Year of the Tiger

It is a 壬寅 rén yín Tiger year and is associated with the water element and yang.


In Chinese astrology the tiger holds a position of honor as it is considered an animal of power and courage. People born in a year of the tiger are thoughtful, competitive and charming and may be destined for high office but at times they can be over-confident, selfish and offhand. They have difficulty accepting orders from others. Some say that the marking on tigers’ heads is like the character wáng for ‘monarch’ giving them a kingly bearing. A tiger’s fierceness and strength make them a suitable emblem for soldiers - including wearing tiger uniforms to frighten the enemy. It was also considered to have the power to keep away demons. The character for tiger is hǔ sounds like hù meaning ‘protect’ and so a tiger is a powerful protective motif. On its death a tiger's body was sometimes said to transform into orange amber (hǔ) precious stones in the ground. Rather strangely for such a fierce animal it can be regarded as ‘yin’ particularly when shown together with a dragon that represents ‘yang’.

Tigers used to roam widely in China. They were found useful in keeping the number of wild boars in check. Now there are only a few dozen Amur tigers in the wild in Heilongjiang province. A distinct South China tiger species was declared extinct in the wild over twenty years ago. A few Bengal tigers still live in Yunnan province on the border with Myanmar. Part of the reason for their decline is the use of their body parts in Traditional Chinese Medicine. As a tiger was supposedly never seen to limp, its bones have been used as an expensive ‘cure’ for arthritis.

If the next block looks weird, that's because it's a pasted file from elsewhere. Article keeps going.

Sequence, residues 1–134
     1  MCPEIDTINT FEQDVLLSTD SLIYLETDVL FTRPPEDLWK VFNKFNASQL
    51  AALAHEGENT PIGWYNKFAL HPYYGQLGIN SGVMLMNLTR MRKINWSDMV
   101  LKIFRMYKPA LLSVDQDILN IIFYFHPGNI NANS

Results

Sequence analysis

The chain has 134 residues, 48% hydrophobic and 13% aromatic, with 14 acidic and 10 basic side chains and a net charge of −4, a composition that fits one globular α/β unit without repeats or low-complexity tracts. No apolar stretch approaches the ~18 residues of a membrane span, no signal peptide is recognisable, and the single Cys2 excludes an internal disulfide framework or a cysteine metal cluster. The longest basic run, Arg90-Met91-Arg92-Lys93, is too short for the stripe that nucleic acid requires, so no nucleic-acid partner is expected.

Shang dynasty, bronze, tiger
Early bronze tiger mask


Tigers feature in many Chinese proverbs (chéng yǔ), here is a selection:

Cáng lóng wò hǔ Hidden dragon, crouching tiger

The famous film title is taken from this proverb; it means there are people with great hidden talent who should not be underestimated. It may also describe a place with strong Feng Shui where the dragon and tiger are represented in the shapes of hills. The entrance to the valley of the Ming tombs near Beijing has Dragon Mountain to the east and Tiger Mountain to the west.

Chū shēng zhī dú bù pà hǔ A young calf does not fear a tiger

Used to indicate someone who is ignorant of the dangers involved in a project.

狐假 Hǔ jiǎ hǔ wēi A fox pretends to have the power of a tiger

There is a story that once a fox followed up behind a tiger walking through the woods. The animals panicked and the fox claimed that this was because they were frightened of it not the tiger. So this has come to describe tricks when someone tries to appear more important than they actually are - riding on other’s shirt tails.

Hǔ tóu shé wěi Tiger's head; snake's tail

Describes a project that begins well but ends up badly.

Sān rén chéng hǔ It only takes three people to make a tiger

Describes how gossip and rumors rapidly build up something trivial to become a powerful menace. The story is that Pang Cong in the Warring States period (472-221BCE) asked the King of Wei whether he would believe one person who claimed there was a tiger in the market place. He replied no. He gave the same reply if it was two people who made the same claim but the king thought that if three people said it then it must be true. Rumors are just rumors even if believed by many people.